After my publicity stunt at the McTaggart Lecture, I got heaps of telly people come see me. I stood outside the lecture hall and said "I might have the idea that saves your career" folk gawped at me then I whispered "There are secret camera's watching to see who takes the flyer" and even Murdoch took my one off me, everyone snatched them and took them into the McTaggart lecture for me. Only one bloke knew I was lying he sniggered "There are no camera's are there?" I said "no" and he laughed out loud and took a bunch of flyers off me and took them into the hall. I liked that man; he is lovely and waited for me after my show came out for a chat! I didn't know who he was, now I do. Edinburgh is good for that kind of thing.
This fringe has been harsh as well though.
The venue owners always say ‘Record breaking sales' but they fail to tell you that 2 for 1s and free tickets are included in that count up, also there are more shows on, so the audiences were spread thinner across the board.
The first two weeks were great and these last two weeks have been pretty quiet for the majority of acts. People who have their PR/agent etc...with them this year will be scratching for a profit, its all swings and roundabouts. Without your manager/agent/pr you miss out on good press opportunities and will be missing the chances of some top TV people coming to your show. But it really shouldn't be like that, why do comics need a manager to push the TV people their way? Isn't it the TV scouts job to go find them? Do they need talked into it?
The Edinburgh Fringe has grown a huge industry of folk to ‘help' your show become a success, none of them actually stand onstage and do the job but by fuck do they get their share of the profits!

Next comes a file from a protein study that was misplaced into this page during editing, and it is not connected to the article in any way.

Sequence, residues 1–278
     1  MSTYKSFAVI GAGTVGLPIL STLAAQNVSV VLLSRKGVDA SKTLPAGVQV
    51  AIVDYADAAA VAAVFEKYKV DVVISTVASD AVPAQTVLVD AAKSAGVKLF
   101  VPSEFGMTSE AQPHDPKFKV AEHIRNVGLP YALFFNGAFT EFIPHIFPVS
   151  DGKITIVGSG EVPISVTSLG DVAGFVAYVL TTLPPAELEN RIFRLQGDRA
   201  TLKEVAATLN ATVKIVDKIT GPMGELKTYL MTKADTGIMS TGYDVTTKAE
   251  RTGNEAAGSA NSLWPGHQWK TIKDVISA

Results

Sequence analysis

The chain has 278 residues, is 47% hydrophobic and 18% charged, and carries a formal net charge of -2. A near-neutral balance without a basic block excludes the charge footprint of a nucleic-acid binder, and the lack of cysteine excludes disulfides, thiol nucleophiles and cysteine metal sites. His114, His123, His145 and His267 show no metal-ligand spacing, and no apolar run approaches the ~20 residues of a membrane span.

The big hyped shows do sell well, but most of the cash (if not all of it) barely touches the hands of the performer, but then Edinburgh Fringe isn't about what happens at The Fringe but what happens AFTER it, and that's where the agents/pr/managers come into their own. I have always been naive, I always believed my shows would stand up for themselves and I wouldn't have to line the pockets of swathes of folk to promote/publicise and manage me, surely it will always work out ok in the end and the talent is the thing that gets you work....but then I always believed in fairies as well!
In the Sunday Mail, there is an article about Scottish actress Siobhan Redmond, she explains about how she read my book Handstands in The Dark to help her prepare for the role as a gangster's wife in her latest play The House of Barnarda Alba, you can read it here http://tinyurl.com/nm6xox
I also wrote the foreword for the Scottish National Theatre's programme and the play opens at Citizens Theatre on September 15th in Glasgow.
The good news is all is well in Godley's World, I will leave here with a happy heart and excitement and anticipation in my veins...I love The FRINGE and nothing can change that!